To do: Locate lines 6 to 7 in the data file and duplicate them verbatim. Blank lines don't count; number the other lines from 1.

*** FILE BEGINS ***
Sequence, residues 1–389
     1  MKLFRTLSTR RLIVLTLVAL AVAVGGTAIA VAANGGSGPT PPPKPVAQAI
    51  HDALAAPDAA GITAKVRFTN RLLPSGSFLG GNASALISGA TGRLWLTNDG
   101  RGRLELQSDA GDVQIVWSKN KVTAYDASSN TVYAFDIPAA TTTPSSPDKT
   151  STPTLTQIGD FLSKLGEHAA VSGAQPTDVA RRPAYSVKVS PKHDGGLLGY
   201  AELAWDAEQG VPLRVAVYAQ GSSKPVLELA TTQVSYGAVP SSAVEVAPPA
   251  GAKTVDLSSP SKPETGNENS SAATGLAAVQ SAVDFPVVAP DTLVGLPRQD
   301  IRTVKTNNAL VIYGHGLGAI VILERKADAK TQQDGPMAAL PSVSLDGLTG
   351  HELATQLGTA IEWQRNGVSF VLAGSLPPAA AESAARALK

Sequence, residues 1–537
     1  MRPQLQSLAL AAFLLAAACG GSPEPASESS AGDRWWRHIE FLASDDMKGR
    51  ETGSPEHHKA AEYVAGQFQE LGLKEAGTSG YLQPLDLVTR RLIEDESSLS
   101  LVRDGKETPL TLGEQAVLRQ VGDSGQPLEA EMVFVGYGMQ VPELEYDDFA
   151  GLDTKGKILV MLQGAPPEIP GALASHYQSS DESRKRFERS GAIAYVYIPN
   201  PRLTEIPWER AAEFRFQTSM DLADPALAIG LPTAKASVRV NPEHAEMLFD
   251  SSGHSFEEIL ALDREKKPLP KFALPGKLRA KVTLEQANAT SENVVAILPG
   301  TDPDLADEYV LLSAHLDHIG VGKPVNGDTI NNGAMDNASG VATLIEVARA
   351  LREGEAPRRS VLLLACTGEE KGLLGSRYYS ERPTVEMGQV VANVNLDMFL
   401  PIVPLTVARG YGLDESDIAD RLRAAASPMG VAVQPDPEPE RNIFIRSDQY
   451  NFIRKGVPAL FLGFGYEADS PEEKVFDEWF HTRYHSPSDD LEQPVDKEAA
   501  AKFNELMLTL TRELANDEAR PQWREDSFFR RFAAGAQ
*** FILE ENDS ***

   201  AELAWDAEQG VPLRVAVYAQ GSSKPVLELA TTQVSYGAVP SSAVEVAPPA
   251  GAKTVDLSSP SKPETGNENS SAATGLAAVQ SAVDFPVVAP DTLVGLPRQD